Earning the recognition as a Spotlight School, East Fairview has demonstrated proven success with each aspect of the Power of ICU formula: Completion, Quality Assignments, and Healthy Grading. Now in their third year of following the ICU approach, East Fairview students and teachers are reaping the rewards of consistent academic achievement by finishing each year with zero assignments left incomplete. Principal Derek Gakel first discovered the Power of ICU in the summer of 2015 after searching for a professional development opportunity for his faculty. Quality assignments have always been a focus of the school, but something was missing. The strategies developed by Danny Hill in his book Power of ICU provided the answer. After finishing the book study with his teachers, East Fairview began to experience a conversational shift towards everyone speaking a common language centered around student learning, instead of focused on grades. As a result, the school began to refine their assignments to fit the vision of the school and tie learning directly to the state’s standards. Teachers began to experience cleaner grading and increased authenticity in student learning by separating the academic value from the non-academic filler. Now, student grades are the best reflection of their learning and East Fairview is not only meeting, but exceeding the standards. The students have come to expect that they will routinely receive feedback on their performance and daily support to complete every assignment. With school-wide buy-in and a growth-mindset, the culture has earned a reputation for student advocacy and achievement. It is because of this commitment to excellence, East Fairview School has earned the distinction of being named a Spotlight School.
What happens when you give students a structured, objective-based time period to complete or get help for missing assignments? Many students see this as a gift and will take advantage of this time to complete anything they may have been missing.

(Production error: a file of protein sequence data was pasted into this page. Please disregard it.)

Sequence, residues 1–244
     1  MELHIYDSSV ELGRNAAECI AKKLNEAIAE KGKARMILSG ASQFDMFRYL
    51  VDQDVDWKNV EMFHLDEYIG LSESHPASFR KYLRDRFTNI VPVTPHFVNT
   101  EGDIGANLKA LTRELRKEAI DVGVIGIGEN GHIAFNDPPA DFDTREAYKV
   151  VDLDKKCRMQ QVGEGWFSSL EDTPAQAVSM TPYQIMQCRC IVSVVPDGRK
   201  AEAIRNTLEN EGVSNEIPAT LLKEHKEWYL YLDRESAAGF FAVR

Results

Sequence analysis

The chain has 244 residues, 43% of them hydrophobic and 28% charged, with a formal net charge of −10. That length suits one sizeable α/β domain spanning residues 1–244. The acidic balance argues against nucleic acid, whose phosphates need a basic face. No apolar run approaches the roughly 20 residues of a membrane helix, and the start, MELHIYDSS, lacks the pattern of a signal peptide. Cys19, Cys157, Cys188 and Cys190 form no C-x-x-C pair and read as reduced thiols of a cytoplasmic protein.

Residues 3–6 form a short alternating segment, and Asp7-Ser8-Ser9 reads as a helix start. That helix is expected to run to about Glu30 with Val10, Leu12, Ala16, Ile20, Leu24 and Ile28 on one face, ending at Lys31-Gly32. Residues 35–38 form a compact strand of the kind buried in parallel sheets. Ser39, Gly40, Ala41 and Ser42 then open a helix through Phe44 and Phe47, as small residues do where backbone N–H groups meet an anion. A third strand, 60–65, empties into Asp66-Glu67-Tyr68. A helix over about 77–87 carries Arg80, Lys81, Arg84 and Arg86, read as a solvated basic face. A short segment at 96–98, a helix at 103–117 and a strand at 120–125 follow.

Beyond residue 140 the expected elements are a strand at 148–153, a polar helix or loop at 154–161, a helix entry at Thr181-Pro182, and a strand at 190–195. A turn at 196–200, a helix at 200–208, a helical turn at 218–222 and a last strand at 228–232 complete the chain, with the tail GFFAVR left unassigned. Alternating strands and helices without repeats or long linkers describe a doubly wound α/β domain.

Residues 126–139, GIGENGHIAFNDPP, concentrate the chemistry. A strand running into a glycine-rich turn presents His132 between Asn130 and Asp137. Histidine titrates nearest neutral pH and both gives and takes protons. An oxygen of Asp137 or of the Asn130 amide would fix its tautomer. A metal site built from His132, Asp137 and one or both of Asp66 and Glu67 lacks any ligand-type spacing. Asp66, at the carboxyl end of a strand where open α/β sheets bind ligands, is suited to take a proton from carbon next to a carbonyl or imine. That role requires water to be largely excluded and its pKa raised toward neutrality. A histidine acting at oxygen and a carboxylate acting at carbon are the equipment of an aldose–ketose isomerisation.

Stacey Gaydos, a high school English teacher at Shenandoah High School in Sarahsville, Ohio, has explained how their school does a Blitz Day. Each school can modify how they run Blitz Day to their needs.
“Our principal makes the list of students that need to be in “The Blitz” prior to Blitz Day. He considers who is on the ICU list and students who have D’s or F’s. Once the students are on the list, he divides them up according to what teachers they need to see (either missing work, reassessment, or intervention). We run 4 “rounds” that are divided up at around 45-50 minutes each. Students are in “The Blitz” for as long as they need based on what/how they are doing with getting all of the work completed, getting the intervention they need, etc. The students who are in good standing are given the choice to be in our media center, in the gym, or outside (weather permitting), in the auditorium watching a movie, or they can study/get help for any other teacher they see fit. Our students absolutely LOVE Blitz Day (I think it’s supposed to be the opposite!), but they love having the extra time to get work done!”
A true example of ensuring students are given ample opportunity to learn the standards that are expected of them. The culture that is build shows at this school. As teachers, we know that the standards that are given for students to learn are abundant. Giving them opportunities to keep up with the rigorous schedule and demands of all of their other teachers relieves stress and allows for more learning!
Every student in your school has his or her own story… living their own life.